C.H. stated that she had dug her nails into the penis of her attacker. Plant material with blood on it was recovered where C.H. was attacked and given to the CPD Lab for testing. Although blood evidence is usually tested in the trace section before being tested in the serology section of the CPD lab to avoid contamination, the plaintiffs allege that Pamela Fish, a CPD Lab employee reversed the order of testing, thereby exposing the evidence to contamination.*fn1 No CPD Lab reports were produced regarding: (1) the blood type or comparing the blood to the blood of the suspects; (2) the victims' fingernail scrapings which were included in the Vitullo kits; or (3) a comparison of the fingernail evidence to blood or trace evidence from the suspects. However, Maria Pulling, a CPD Lab forensic expert, analyzed trace evidence and prepared a CPD Lab report, dated June 17, 1986, summarizing her findings. The plaintiffs allege that this report contained significant evidence exculpating them.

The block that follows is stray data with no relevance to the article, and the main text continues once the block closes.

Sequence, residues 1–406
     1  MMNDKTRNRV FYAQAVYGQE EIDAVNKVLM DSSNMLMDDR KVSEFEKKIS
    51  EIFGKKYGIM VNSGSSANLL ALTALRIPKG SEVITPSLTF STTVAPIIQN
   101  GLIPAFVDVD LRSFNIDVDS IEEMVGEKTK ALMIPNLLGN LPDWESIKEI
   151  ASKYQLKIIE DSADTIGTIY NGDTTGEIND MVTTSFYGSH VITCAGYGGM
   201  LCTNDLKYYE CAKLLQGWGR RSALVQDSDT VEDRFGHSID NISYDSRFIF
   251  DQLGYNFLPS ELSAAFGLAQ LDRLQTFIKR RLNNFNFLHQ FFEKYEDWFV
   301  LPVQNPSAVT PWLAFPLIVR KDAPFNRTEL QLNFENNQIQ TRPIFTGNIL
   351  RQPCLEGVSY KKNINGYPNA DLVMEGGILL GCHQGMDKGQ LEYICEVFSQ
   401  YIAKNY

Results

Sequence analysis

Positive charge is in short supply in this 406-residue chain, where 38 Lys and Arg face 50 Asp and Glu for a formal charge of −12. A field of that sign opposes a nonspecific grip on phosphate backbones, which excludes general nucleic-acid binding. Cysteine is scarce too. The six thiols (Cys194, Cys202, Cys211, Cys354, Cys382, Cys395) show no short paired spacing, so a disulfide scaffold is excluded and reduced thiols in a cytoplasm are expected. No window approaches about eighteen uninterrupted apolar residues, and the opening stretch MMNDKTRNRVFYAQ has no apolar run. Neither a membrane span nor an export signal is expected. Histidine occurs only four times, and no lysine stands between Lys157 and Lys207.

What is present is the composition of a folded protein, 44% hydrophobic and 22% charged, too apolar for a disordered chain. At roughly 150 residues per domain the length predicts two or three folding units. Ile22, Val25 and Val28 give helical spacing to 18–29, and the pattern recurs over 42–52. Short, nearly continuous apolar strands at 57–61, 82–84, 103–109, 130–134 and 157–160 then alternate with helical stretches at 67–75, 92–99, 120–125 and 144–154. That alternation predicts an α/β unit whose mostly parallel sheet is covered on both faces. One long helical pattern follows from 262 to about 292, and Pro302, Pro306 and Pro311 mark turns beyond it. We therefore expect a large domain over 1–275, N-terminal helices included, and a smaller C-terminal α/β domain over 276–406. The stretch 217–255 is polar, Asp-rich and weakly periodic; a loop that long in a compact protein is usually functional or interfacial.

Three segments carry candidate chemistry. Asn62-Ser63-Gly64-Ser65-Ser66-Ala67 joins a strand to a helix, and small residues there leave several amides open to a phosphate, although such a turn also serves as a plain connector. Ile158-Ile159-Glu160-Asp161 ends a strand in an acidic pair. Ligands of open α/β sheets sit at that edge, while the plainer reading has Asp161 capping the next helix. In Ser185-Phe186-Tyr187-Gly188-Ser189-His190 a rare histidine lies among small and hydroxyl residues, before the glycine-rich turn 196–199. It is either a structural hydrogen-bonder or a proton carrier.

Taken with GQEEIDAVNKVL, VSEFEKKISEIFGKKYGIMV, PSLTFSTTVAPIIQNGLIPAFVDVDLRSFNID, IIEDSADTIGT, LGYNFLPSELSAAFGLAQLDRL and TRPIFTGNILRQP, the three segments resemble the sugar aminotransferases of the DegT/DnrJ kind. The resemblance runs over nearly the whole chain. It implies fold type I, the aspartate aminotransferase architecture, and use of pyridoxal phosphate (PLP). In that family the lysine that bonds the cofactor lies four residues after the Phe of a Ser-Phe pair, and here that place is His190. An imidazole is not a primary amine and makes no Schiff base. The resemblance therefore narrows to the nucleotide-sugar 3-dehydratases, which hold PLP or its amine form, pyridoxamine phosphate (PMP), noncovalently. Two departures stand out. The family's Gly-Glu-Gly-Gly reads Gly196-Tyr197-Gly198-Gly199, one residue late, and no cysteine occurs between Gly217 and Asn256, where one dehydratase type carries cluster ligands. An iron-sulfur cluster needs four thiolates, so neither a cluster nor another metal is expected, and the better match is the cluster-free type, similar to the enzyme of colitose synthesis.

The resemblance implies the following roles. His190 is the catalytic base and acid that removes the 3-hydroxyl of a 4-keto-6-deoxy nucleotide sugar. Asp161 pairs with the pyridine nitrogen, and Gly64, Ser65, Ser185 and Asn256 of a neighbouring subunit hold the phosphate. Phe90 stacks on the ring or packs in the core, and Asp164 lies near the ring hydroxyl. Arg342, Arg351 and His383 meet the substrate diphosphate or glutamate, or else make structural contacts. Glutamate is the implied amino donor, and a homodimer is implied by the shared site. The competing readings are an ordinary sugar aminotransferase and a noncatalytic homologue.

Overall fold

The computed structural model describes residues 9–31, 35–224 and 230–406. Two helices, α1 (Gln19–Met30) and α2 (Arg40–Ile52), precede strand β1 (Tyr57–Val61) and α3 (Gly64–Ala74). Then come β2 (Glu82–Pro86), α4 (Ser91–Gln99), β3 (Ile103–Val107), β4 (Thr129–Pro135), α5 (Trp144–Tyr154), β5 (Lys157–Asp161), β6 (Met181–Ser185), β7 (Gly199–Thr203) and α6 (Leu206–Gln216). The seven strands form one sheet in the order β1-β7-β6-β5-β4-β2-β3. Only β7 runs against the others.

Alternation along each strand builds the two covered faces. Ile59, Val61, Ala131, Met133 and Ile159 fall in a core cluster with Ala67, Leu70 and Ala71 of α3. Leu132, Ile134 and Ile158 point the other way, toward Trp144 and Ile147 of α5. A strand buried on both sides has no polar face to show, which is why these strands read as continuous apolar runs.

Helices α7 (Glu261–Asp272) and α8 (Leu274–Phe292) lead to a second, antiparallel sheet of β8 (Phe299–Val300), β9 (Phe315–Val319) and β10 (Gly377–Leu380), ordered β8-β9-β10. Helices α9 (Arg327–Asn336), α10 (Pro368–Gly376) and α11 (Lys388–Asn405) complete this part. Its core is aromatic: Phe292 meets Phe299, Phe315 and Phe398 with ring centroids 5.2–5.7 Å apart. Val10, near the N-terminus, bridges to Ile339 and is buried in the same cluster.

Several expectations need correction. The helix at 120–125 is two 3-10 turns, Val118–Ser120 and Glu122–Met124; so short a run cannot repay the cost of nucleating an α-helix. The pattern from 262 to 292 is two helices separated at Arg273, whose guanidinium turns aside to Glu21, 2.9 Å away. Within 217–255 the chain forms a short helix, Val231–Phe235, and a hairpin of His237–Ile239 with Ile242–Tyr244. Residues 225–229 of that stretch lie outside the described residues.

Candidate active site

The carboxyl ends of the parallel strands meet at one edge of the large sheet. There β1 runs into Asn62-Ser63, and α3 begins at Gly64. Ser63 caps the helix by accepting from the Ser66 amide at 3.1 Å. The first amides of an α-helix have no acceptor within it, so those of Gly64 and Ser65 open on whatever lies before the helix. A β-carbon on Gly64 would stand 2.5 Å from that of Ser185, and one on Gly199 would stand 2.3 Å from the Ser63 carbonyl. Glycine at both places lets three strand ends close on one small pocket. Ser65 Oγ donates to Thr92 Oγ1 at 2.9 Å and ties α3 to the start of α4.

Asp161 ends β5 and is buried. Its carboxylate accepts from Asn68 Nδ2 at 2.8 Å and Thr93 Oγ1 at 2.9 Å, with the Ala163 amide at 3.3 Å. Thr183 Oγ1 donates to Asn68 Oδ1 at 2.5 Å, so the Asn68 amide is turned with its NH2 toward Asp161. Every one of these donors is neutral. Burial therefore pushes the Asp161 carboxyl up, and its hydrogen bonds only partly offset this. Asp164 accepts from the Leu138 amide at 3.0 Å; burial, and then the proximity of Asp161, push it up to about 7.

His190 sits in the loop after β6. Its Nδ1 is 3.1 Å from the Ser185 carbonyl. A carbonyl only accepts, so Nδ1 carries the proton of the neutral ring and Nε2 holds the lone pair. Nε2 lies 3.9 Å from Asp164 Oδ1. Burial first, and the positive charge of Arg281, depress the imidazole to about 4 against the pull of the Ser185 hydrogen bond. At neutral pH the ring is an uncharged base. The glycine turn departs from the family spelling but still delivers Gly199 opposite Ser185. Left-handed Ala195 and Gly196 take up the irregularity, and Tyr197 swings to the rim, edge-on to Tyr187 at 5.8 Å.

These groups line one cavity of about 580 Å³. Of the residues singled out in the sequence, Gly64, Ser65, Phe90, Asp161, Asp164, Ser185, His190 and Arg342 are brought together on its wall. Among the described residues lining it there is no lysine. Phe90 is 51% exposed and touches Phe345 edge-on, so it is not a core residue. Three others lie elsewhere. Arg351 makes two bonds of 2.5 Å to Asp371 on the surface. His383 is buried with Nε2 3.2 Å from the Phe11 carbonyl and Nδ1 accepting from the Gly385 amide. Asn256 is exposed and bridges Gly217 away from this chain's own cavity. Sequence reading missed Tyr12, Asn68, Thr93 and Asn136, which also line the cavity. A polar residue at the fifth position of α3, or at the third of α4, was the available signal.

The plaintiffs' defense counsel in the Wardell/ Reynolds trial requested the results of any scientific tests and any exculpatory evidence from the prosecution. However, they neither received the Pulling report nor were they given Pulling's name as a potential witness. Reynolds requested DNA testing in his criminal trial, but the plaintiffs allege that, due in part to the paucity of evidence in that case, the request for DNA testing was denied. The plaintiffs assert that proper production of the Pulling report would have given the trial judge sufficient evidence to grant the request for DNA testing, which would have exculpated them. The plaintiffs allege that the defendants concealed the exculpatory evidence pursuant to a policy or custom, created, carried-out, or condoned since 1980 of concealing exculpatory evidence, in at least 300 cases involving African-American suspects.